Friday, August 5, 2011

Educating a Broken America: Closing the Achievement Gap

I imagine it would be difficult to find someone who has succeeded in America and who would argue against the importance of education. It is no secret that the skills we learn in school allow us to make a better life for ourselves. And for the most part we have seen a constant improvement in the quality of our lives. That is, our generation is better off than the previous generation, who in turn, is better off than the generation before them. This means, as a population, we have been experiencing the American Dream. However, 80 million Americans still live in “Broken America” where the American Dream is not obtainable. Alex Blumberg on NPR’s Planet Money asks the obvious question ‘how do we get these Americans out of “Broken America” and into “American Dream America?”’ The answer is not to simply say education.

We can all agree that education is the catalyst for social change. But what type of education is the most effective? The hosts of Planet Money argue that teaching technical skills is not enough to enable the population of Broken America to acquire jobs. They often lack the more intangible skills such as making eye contact, controlling your anger and the ability to focus. These skills are more fundamental and more essential to functioning in the American Dream America. “Soft skills” are not learned in the formal classroom setting. They are discovered through play and social cooperation in Preschool. In fact, trying to learn these skills later in life is almost impossible. Several studies have concluded that it is too late to learn these skills even as early as elementary school. If then we only have a small window to learn these skills, how can we optimize this development?

Playtime in Preschool can be categorized into Organized Play such as games which have rules and boundaries. It can be expected that conflict resolution and using words to get what you want are useful for this type of play. The other group is Unorganized Play which makes use of the child’s imagination. This variety of play is open-ended such that a child might wonder “where does this stream of water go?” Both are essential to the healthy development of the child. Richard Louv, however, argues in “Last Child in the Woods” that Unorganized Play is often neglected; especially playing outside in nature in what he calls “Natural Play.” The disappearance of Natural Play is a result of development of natural areas into urban and suburban neighborhoods and an over protective concern for the safety of the child and the environment. The result is children spend more time getting their imagination from the TV. Indoor Play is limited in originality and is more broken up, that is it’s played in short segments. The more open-endedness of Natural Play allows for children to invent through trial and error without interruption, thus nurturing creativity.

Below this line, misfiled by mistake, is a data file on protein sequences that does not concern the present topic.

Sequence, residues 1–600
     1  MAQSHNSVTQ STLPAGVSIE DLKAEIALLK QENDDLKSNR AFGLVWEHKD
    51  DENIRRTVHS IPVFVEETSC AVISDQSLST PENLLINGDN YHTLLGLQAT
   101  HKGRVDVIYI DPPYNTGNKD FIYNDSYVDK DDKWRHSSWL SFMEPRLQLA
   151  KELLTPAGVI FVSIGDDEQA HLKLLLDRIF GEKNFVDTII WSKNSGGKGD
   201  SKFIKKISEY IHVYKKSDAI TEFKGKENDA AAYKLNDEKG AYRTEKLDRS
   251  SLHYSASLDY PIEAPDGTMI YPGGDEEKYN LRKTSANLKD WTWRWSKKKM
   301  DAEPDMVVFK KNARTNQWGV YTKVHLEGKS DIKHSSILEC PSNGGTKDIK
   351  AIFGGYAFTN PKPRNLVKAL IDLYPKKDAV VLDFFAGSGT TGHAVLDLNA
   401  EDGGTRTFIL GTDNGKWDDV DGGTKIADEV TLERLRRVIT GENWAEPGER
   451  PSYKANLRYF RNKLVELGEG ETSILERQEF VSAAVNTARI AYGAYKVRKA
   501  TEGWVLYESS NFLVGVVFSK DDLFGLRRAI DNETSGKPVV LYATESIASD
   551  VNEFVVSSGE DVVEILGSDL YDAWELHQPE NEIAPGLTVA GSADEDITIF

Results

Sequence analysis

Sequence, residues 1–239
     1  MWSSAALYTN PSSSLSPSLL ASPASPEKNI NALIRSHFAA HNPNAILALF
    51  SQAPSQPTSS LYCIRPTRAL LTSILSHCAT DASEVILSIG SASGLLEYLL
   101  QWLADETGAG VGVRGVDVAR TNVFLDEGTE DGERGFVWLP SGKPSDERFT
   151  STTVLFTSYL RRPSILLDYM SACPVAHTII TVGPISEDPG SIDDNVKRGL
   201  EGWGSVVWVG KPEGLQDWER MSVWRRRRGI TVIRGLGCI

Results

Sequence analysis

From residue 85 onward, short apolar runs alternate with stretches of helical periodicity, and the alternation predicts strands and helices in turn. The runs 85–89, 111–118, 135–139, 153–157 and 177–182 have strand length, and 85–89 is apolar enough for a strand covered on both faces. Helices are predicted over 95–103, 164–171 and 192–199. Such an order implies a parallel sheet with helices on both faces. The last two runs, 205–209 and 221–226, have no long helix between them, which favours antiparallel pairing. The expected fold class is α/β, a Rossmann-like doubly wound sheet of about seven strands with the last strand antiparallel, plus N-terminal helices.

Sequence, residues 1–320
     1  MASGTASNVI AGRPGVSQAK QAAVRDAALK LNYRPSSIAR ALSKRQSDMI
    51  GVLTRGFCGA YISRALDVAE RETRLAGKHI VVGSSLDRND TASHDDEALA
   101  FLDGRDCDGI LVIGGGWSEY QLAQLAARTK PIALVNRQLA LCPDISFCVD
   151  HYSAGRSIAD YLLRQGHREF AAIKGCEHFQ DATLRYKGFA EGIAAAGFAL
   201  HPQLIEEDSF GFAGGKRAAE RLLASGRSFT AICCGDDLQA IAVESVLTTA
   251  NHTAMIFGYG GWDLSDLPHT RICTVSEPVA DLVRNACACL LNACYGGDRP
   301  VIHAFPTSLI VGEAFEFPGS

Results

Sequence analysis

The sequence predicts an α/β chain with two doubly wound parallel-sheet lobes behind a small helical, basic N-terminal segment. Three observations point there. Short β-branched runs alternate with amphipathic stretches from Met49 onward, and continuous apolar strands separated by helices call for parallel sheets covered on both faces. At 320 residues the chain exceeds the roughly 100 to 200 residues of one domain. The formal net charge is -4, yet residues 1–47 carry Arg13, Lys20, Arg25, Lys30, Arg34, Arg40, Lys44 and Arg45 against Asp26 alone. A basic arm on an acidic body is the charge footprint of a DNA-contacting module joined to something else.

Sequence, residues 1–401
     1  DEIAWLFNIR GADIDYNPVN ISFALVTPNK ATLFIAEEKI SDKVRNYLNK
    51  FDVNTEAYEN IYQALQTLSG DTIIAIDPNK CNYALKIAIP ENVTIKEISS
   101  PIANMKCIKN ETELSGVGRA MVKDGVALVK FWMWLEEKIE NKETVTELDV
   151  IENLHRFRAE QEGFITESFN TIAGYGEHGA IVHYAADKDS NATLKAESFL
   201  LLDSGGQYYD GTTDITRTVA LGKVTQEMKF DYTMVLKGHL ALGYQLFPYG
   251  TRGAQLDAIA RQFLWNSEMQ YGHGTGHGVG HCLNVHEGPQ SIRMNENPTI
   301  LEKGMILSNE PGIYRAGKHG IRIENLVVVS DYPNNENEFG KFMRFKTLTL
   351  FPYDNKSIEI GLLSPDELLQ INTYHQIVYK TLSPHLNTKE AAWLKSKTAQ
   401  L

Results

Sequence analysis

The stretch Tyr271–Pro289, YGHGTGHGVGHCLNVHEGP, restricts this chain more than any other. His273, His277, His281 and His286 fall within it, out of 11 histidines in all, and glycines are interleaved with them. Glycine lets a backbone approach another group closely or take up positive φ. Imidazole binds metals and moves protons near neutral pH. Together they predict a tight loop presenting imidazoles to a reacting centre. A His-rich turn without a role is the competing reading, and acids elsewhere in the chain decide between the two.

The completion of The Perry Preschool Study in 2005 examined the importance of Preschool education and its effect on an individual later in life. The researchers took children from poor families and randomly sent half of them to Preschool for two hours each day while the other half acted as the control and received no Preschooling. From Kindergarten through high school and beyond there was no intervention thus the only variable between the two groups was whether or not they had a Preschool education. The study followed up with the subjects forty years later and discovered that the Preschool group went to prison less often, earned a higher salary, and had higher all-round achievements. This study illustrates that it is in the public good to send every child to Preschool. They will become better citizens, innovators and workers and will have a real opportunity to pursue the American Dream.

1 comment:

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